Friday, August 26, 2011

Design Focus Friday - Proportion and Scale

 As I was thinking about proportion and scale, I started thinking about three dimensional work and the importance of getting the scale correct in a sculptural piece. One of the hardest things when I first started needle felting was getting the scale correct in a figure.

 This is from the class that I took over a year ago and you can see that the proportions of a figure make a difference on the outcome. What size is the head as compared to the body? Are both arms or legs the same size. It is fairly easy for us to see if something is out of proportion because we compare it in our minds to the human figure.
Even if you don't do three dimensional work, you can still compare what you are representing in your work to the human scale. If there is a very large person in the foreground and the landscape in the distance is small, then the scale of the human figure will indicate how far distant the landscape is in comparison.

Thanks for stopping by. Come back in September when I start discussing Rhythm. September will be the last month in the Design Focus Friday series. I can't believe it's been a year since I started Design Focus Fridays.  I hope you've enjoyed the discussions and learned a bit about design.

Saturday, August 20, 2011

Design Focus Friday - Scale and Proportion

Whoops! It isn't Friday, I seem to have missed that but here's a short post about scale and proportion. Both of the pieces that I show here are based on leaves. The one above has a different scale than the one below. What do you think the difference in scale in the two pieces makes?

Both pieces have multiple leaves, but the top piece is completely covered with "large" leaves in comparison to the size of the work. This second piece to me is more about the placement of the leaves and is entitled "Balance". Do you use different proportions in your work? I'd love to hear about it.

Friday, August 12, 2011

Design Focus Friday - Scale/Proportion

I was thinking about the size of work that I usually produce in relation to scale. Probably the smallest pieces I do are postcard (4"x 6") size. Smaller scale pieces have to be designed carefully so that the small piece isn't overwhelmed by too many elements.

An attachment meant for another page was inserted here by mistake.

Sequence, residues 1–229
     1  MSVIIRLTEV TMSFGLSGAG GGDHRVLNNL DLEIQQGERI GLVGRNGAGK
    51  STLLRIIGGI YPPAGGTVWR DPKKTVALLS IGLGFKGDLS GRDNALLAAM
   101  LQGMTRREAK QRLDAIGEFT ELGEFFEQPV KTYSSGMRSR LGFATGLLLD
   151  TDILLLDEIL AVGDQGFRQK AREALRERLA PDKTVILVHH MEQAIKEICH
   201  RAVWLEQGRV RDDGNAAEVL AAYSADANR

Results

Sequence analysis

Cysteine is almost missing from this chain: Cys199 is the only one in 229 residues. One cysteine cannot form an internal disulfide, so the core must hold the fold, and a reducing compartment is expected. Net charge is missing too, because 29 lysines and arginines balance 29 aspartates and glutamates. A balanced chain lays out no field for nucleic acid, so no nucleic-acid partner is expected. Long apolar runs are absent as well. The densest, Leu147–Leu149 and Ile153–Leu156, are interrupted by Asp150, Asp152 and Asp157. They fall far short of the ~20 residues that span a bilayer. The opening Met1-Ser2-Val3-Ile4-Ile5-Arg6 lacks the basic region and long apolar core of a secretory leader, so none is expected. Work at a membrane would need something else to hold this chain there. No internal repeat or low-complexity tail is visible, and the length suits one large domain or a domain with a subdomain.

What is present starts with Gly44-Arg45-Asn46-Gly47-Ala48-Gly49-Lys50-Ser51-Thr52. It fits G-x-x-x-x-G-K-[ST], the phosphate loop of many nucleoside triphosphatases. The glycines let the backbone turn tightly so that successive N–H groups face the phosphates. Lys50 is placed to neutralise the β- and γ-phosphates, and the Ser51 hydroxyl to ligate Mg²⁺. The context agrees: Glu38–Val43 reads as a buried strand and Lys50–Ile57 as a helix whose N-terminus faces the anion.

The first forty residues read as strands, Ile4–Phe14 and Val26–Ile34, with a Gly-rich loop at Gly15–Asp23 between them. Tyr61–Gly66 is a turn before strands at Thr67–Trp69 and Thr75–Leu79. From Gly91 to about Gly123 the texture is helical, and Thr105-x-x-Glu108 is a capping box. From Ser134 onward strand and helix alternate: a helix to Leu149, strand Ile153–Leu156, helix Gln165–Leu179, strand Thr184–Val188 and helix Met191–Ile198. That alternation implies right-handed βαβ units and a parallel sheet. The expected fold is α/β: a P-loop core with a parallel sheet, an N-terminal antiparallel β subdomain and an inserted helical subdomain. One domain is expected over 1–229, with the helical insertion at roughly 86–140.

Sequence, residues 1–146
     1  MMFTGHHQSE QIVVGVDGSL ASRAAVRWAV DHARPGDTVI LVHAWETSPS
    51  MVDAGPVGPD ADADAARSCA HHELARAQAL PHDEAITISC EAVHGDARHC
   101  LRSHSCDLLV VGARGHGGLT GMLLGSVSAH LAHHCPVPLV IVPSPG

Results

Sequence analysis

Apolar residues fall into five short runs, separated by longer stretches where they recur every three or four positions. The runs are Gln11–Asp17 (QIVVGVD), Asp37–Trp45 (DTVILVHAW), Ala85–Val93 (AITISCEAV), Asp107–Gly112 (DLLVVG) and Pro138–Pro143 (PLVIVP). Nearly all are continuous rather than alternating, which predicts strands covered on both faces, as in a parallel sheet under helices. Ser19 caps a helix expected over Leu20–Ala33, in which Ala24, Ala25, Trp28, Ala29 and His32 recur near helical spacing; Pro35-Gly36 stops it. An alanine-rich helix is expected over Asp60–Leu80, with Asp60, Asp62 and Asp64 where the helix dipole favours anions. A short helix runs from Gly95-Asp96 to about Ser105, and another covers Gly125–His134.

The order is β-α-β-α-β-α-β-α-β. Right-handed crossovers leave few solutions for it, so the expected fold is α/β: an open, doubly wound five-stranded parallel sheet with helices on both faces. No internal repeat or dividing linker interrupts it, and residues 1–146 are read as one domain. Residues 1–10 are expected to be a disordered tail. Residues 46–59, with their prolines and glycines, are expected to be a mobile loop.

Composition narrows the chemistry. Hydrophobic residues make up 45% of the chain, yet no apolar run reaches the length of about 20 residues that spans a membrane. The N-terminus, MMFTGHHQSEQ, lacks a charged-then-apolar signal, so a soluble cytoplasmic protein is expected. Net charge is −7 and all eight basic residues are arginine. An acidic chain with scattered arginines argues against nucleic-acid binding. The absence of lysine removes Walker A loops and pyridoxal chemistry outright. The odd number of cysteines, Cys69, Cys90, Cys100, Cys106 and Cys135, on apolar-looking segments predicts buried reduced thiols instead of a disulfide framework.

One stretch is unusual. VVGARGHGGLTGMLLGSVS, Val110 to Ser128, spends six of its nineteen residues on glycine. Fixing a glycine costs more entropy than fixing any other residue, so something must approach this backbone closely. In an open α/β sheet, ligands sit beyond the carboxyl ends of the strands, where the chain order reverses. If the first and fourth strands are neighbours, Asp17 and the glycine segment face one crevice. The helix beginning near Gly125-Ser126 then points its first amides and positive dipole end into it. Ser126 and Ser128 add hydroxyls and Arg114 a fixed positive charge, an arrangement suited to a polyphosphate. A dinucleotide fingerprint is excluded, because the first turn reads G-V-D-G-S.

I have found that the concept of "keep it simple" works best for me. Every time that I try something elaborate in a small scale piece, it ends up being very difficult to get all that detail in such a small space. I haven't really done any of the "inchies" but those are definitely small enough that they really only need one element to fill up an inch of space.

How do you approach working in a small scale? Do you do any miniature type of work? Do you think working small helps to refine your design skills? How does working small affect how you then approach a large piece? Leave a comment and let me know how you approach working small. Thanks for stopping by!

Friday, August 5, 2011

Design Focus Friday - Scale/Proportion

 Scale and proportion basically refer to size. Scale means size i.e. large scale means big. However, unless you have a standard of reference, the term “big” is meaningless. Proportion means relative size as in size measured against other elements or against some mental norm or standard.

Scale and proportion are closely tied to emphasis and focal point. Large scale makes for an obvious emphasis especially in proportion to other elements of the composition.

 The scale of art can be considered in several ways:

• Human scale – consider the scale of the work itself in relation to human size; Unusual or unexpected scale is attention getting. Sheer size does impress us.

• Context – consider the surroundings and the circumstances in which the art is displayed – does the scale of the work affect the meaning in that particular context?

• Internal proportions – scale and size are relative to the overall area of the format of the work; changes in scale within a design change the total effect of the design. The choice of scale and proportion should help to achieve the artist’s intentions.

• Contrast of scale – scale can be used to draw our notice to the unexpected or exaggerated, as when small objects are magnified or large ones reduced. A sudden change in scale draws attention.

• Scale confusion – deliberate change of natural scale to intrigue or mystify the viewer rather than to clarify the focal point – surrealism often uses this technique.

Proportion is linked to ratio. The proportion is judged to be correct if the ratio of one element to another is correct. The ancient Greeks sought to discover perfect proportion and developed the golden rectangle. This has influenced art and design throughout history and is found in growth patterns in nature. (click on the illustration above to enlarge)

Questions to get you started:

Do you usually make pieces that are small or do you always work in a large format? How does switching to a different size format affect your work? Can you make three separate works about the same subject but vary the scale and proportion in the work? How do you think the viewer will feel about the change in scale/proportion and it’s affect on the meaning of the work?

Can you use contrast of scale or scale confusion in your composition? How does this exaggeration make you see your work differently? Do you use the “golden rectangle” in your proportions? What happens if you deliberately make a piece based on the “golden rectangle”?